The Center for Global Nonviolence in Honolulu (Hawai) investigates potential for peaceful/non-violent modes of behaviour and seeks to foster these through practical training and by developing relevant strategies in conjunction with individuals and institutions throughout the world. The work of the centre focuses on understanding (1) the causes of violence, (2) the causes of non-violence, (3) the causes of transition between violence and non-violence, (4) the specific characteristics of completely non-violent societies.
The move towards global non-violent interaction will take place in two ways: first, through theoretical and applied research, covering areas such as non-violence in spiritual and philosophical traditions, gender relations and non-violence; and secondly, through the investigation of geographical-cultural factors, which should include on-the-spot research in Africa, Asia, Europe, Latin America, the Middle East, North America, the Pacific, Russia and the successor states of the Soviet Union, Scandinavia, and other areas of the biosphere.
Contact: Center for Global Nonviolence, 3653 Tantalus Drive, Honolulu, Hawai'i, 96822-5033, USA, Tel.: +1 (808) 536-7442, Fax: +1 (808) 524-8501, e-mail: firstname.lastname@example.org.
Peace Review is a multidisciplinary quarterly addressing issues of peace, human rights, and development. Produced by the Institute of Peace and Justice Studies in San Francisco, it is now in its ninth year of publication. The editors are seeking contributions on the following themes for future issues: `Is Socialism Dead?' (winter issue, deadline 5 November 1996); `Zones of Peace' (spring issue, deadline 14 January 1997). Articles should be between 2,500 and 3,500 words and should be sent on IBM or Mac disks to the editor-in-chief, Robert Elias, at the address below.
Contact: Peace Review, Peace & Justice Studies, University of San Francisco, 2130 Fulton St, San Francisco, CA 94117-1080, USA (Attn. Elias or Turpin) Tel.: +1 (415) 666 6349, Fax: +1 (415) 666 2349/388 2631, e-mail: email@example.com.
The Wisconsin Institute, founded in 1985, supports research into non-violence, national and global security issues (including ecological security), and the identification of the factors needed for a just global peace in the post-Cold War world. With these aims in view, the institute promotes the development of innovative interdisciplinary teaching programmes, invites international experts to give talks, and organizes one yearly conference for the general public and one designed specifically for students.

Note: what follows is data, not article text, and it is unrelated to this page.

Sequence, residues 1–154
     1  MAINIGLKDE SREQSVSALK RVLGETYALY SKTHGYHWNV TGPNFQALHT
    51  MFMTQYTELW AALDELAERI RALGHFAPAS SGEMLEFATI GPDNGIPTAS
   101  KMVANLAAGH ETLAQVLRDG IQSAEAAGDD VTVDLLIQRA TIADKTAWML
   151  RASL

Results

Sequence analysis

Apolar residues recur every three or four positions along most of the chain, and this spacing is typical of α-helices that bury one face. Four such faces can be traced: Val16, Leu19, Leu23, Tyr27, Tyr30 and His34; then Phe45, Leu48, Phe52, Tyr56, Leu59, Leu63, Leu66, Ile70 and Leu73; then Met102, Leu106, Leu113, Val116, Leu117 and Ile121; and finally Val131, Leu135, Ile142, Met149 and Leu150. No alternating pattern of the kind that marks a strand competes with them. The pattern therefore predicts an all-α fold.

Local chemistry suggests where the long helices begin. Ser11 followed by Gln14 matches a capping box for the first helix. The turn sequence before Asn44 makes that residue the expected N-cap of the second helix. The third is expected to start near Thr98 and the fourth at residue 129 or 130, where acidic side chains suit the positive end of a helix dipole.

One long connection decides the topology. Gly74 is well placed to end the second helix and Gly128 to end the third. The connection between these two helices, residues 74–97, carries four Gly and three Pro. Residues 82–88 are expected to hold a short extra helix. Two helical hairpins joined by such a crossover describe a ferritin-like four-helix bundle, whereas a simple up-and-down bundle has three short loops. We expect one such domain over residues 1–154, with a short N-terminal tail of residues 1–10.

Contact: The Wisconsin Institute, University of Wisconsin-Stevens Point, LRC/900 Reserve St, Stevens Point, WI 54481, USA Tel.: +1 (715) 346-3383.
Conflict Resolution and Global Interdependence (CRAGI) is an ad hoc group of college lecturers, teachers, and citizens in Gettysburg (Pennsylvania) motivated by the belief that education and training are the key to world peace. With this in mind, CRAGI is promoting the idea of an international curriculum for peace, covering all levels of education from pre-school to university, with each course in the curriculum being designed by a small international team. The long-term objective of this kind of initiative is to sharpen awareness of the global responsibility in dealing with conflicts and resolving them peacefully, thus helping to bring about a culture of peace as described in the UNESCO programme of the same name.
Contact: Conflict Resolution and Global Interdependence, Box 408, Gettysburg College, Gettysburg, PA 17325-1486, USA, Tel.: +1 (717) 337-6784, Fax: +1 (717) 337-6488.
The Department of Government and Politics at the University of Maryland, in conjunction with the Center for International Development and Conflict Management, has established an Anwar Sadat Chair for Population, Development, and Peace. The Sadat Professor will direct a programme of research covering both the academic and political domains, designed to promote strategies for consolidating peace in regions where protracted conflict is an established feature. The main focus of the Chair will lie in the field of political science, but the post could also be filled by a sociologist.
Applications are especially welcome from scholars who have a particularly open attitude to `gender' issues. Further details are obtainable from the contact address given below. Anyone interested in applying should submit a letter of interest by 31 December 1996.
Contact: Prof. Jonathan Wilkenfeld, Chair, Sadat Chair Search Committee, Dept. of Government and Politics, University of Maryland, College Park, Maryland 20742, Tel.: +1 (301) 405-4160, Fax: +1 (301) 314-9690, e-mail: firstname.lastname@example.org.